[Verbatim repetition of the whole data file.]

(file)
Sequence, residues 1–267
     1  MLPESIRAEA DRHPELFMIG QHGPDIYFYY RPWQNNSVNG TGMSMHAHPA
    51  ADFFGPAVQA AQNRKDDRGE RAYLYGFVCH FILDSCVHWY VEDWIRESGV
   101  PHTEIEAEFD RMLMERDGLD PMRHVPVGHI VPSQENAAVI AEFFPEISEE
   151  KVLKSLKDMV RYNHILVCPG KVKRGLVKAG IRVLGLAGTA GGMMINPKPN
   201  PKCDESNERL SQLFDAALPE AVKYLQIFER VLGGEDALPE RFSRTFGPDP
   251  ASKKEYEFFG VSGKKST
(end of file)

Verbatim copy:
Sequence, residues 1–267
     1  MLPESIRAEA DRHPELFMIG QHGPDIYFYY RPWQNNSVNG TGMSMHAHPA
    51  ADFFGPAVQA AQNRKDDRGE RAYLYGFVCH FILDSCVHWY VEDWIRESGV
   101  PHTEIEAEFD RMLMERDGLD PMRHVPVGHI VPSQENAAVI AEFFPEISEE
   151  KVLKSLKDMV RYNHILVCPG KVKRGLVKAG IRVLGLAGTA GGMMINPKPN
   201  PKCDESNERL SQLFDAALPE AVKYLQIFER VLGGEDALPE RFSRTFGPDP
   251  ASKKEYEFFG VSGKKST